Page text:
I say this a lot, but it honestly blows my mind that it’s been a decade since Transformers: Dark of the Moon arrived in theaters. When I watched the blockbuster film’s teaser trailer in the theater for a movie I can’t recall, it was nice to see the 1969 moon landing on the big screen. I thought to myself, “wow, a film about the moon landing. Awesome.” As a film buff, I noticed the font for the trailer seemed a little too familiar but couldn’t put my finger on it. As the trailer continued, so did the suspense, and I saw a damaged alien ship as the astronauts try to investigate. I was drawing a blank until Steven Speilberg’s, and Michael Bay’s names showed up, and it clicked. The third entry into this franchise was about to knock my socks up—what a trailer.
I honestly didn’t pay attention to any of the reviews or how the fans reacted. All I know is that the crowds I was with were all in, and it made a billion dollars worldwide, and the DVD/ Blu ray packed with special features was worth every moment and penny. I often rewatch the opening, and it gives me goosebumps every time as I feel the sense of wonder, adventure and excitement. I mean, taking a moment in American history that defined the human race and wrapping it in the mythology of the Transformers universe–does it get any better than that? Oh, and Steve Jablonsky deserves an Oscar in the near future for his work on these films. Each one is a love letter to cinema and wraps you up in a blanket of awe and wonder.
Shia Labeouf (Holes, Even Stevens, Disturbia) stars for the third time around as the intrepid hero and ally to the Autobots, Sam Witwicky. He’s helped save planet Earth twice, and after a medal from the President, things are looking up for him. Even Bumblebee is going on missions, though this leaves Sam jealous. He may have broken up with Michaela and now has a new love in his life, but Sam feels he is missing his true purpose. I like this development because, like in the first film, Sam is trying to prove his worth by impressing the girl. Carly is a knockout, but she is a classy woman who’s down to earth. She isn’t bothered by the less-than-glamorous lifestyle and genuinely cares for Sam. He doesn’t see that, and it takes a world-ending event to know the value of his worth and how others see himself and vice-versa.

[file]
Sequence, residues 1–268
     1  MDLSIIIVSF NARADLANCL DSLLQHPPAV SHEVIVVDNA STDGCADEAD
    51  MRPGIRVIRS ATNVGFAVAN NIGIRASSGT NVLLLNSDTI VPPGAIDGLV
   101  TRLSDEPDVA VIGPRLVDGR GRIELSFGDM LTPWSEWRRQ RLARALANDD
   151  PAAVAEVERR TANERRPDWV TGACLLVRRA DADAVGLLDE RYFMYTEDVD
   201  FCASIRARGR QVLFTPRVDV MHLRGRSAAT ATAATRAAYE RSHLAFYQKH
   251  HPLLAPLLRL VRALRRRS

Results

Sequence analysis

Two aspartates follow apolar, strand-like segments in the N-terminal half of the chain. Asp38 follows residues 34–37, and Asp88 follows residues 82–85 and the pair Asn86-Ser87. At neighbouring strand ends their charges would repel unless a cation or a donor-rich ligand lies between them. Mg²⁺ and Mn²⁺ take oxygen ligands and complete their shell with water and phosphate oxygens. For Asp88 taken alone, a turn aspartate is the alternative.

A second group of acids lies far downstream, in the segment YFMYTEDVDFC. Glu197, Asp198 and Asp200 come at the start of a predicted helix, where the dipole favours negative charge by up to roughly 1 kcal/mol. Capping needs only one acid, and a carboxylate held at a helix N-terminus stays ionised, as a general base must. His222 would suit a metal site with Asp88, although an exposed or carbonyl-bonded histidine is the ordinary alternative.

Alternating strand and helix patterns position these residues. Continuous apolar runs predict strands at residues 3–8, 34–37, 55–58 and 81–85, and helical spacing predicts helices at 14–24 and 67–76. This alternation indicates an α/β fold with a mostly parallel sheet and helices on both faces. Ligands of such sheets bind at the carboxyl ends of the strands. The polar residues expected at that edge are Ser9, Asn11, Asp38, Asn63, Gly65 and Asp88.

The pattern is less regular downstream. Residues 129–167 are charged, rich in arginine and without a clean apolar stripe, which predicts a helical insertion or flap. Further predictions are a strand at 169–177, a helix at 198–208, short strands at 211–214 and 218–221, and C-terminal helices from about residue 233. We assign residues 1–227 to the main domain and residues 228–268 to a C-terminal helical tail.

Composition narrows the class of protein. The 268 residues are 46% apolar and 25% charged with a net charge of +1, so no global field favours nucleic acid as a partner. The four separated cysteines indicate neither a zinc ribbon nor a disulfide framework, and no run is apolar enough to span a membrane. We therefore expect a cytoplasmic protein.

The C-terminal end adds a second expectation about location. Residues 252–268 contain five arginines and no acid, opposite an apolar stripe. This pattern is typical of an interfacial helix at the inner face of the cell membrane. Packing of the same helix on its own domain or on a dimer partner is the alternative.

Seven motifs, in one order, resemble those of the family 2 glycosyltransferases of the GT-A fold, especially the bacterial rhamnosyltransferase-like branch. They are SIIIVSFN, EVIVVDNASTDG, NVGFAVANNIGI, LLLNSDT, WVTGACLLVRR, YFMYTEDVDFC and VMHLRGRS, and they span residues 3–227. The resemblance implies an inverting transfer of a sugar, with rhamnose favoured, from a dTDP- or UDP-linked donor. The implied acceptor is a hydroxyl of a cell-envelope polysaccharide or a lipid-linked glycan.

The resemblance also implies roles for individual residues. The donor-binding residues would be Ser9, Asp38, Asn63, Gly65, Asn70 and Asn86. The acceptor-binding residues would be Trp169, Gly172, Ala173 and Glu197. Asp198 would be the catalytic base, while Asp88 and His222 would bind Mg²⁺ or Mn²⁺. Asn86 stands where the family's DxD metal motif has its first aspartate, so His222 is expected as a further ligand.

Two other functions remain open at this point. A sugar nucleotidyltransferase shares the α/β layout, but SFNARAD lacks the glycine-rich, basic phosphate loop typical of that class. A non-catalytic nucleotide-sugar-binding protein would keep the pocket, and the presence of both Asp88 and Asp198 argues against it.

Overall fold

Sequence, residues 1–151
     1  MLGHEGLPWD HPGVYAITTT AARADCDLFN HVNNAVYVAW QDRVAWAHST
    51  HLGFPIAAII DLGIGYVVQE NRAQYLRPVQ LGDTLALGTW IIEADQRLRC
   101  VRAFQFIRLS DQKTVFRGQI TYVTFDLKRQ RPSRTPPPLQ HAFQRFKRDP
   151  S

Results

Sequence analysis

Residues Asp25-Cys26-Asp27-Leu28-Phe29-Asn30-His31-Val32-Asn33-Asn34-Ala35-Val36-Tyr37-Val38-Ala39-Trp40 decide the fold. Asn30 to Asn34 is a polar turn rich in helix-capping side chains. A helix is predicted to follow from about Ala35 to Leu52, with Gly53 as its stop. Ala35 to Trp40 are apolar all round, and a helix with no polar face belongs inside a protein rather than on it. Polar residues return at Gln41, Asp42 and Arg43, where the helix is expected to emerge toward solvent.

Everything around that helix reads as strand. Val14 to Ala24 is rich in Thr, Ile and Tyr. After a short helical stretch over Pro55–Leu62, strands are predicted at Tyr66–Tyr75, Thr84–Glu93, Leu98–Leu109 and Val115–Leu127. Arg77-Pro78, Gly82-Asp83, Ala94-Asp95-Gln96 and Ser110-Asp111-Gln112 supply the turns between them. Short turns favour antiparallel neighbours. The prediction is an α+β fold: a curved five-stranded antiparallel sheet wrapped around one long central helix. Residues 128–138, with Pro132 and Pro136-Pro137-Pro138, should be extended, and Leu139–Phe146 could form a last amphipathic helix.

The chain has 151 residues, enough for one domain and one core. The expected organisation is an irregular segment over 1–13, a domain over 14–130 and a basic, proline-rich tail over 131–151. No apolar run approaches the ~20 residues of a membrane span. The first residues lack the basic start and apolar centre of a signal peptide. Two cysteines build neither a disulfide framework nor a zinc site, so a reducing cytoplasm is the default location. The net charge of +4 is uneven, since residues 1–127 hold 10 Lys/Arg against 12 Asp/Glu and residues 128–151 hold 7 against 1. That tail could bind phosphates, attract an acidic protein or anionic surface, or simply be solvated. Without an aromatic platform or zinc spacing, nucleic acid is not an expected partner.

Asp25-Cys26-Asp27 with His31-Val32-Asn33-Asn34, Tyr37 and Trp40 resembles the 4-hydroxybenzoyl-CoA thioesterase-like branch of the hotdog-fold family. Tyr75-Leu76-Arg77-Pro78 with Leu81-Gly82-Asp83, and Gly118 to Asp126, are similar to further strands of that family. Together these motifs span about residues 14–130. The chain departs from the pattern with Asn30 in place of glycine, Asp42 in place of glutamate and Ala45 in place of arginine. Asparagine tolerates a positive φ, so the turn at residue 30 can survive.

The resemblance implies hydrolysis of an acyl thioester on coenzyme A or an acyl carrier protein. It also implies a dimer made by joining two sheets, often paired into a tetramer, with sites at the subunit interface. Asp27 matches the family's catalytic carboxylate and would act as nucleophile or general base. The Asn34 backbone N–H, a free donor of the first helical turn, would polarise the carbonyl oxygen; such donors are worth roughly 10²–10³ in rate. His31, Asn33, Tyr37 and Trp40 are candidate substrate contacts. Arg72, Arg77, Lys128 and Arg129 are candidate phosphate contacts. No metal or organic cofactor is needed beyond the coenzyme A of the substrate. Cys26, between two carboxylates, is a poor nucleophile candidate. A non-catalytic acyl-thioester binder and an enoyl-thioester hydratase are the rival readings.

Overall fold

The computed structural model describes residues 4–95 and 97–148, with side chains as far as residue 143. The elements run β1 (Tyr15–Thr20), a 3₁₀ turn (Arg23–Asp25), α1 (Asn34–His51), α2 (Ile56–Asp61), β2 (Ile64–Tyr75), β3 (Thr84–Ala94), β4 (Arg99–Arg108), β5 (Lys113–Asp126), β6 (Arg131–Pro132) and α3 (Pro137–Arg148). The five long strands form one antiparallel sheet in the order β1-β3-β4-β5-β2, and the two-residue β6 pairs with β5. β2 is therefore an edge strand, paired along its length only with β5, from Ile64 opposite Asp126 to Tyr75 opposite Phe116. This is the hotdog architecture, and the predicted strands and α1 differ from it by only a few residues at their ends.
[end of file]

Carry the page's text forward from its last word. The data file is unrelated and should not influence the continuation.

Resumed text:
Rosie Huntington-Whiteley (Mad Max Fury Road) may be an ethereal and elegant supermodel but defies expectations with her performance and characterization of Carly Spencer. She took over for Mikaela, played by Megan Fox in the previous two films. I was shocked that Megan Fox was no longer a part of the franchise. Fox and Labeouf had delivered such eclectic chemistry, and after the events of the second film, Sam and Mikaela seem inseparable. It was never explained in the movie, but I like to think that Mikaela loves Sam. Maybe the idea of being an ally of the Autobots and the perils of that world for a long time weighed on her, and she needed to move on. There have been conflicting reports of how Megan Fox left the franchise, but I was sad to see her go. I give props to screenwriter Ehren Kruger for expertly introducing yet adapting this amazing character for the screen, and Whiteley excelled.
John Turturro, Josh Duhamel, Tyrese Gibson, Kevin Dunn, and Julie White reprise their roles from the previous two films and once again give 100% and make their marks at the end of this trilogy. Patrick Dempsey (Enchanted, Grey’s Anatomy) was an unexpected casting choice but a very welcome one as he goes toe to toe with Sam Witwicky in more ways than one, which I was very impressed with how he delivered. The same goes for Frances McDormand and Alan Tudyk. They can work in any genre and own it.
What I love about this film is a hero’s journey redefined. Sam Witwicky has come full circle in becoming the best version of himself. He is determined to fight for truth and justice. The Autobots, time and time again, are sacrificial and honorable even when the odds are stacked against them over and over again. I mean, the fact that the legendary Peter Cullen has stuck around with this amazing world for decades adds a sense of wonderment and magic. God bless him. Many great actors steal the show like Andy Daly, Lester Speight, Ken Jeong, and JOHN MALKOVICH and THE LATE AND GREAT LEONARD NIMOY.
This movie is worth watching again on the biggest screen possible, and if you can watch the behind-the-scenes content, please do. It showcases the wonder of filmmaking and celebrates cinema’s real heroes who make these films possible, and I am forever grateful for it.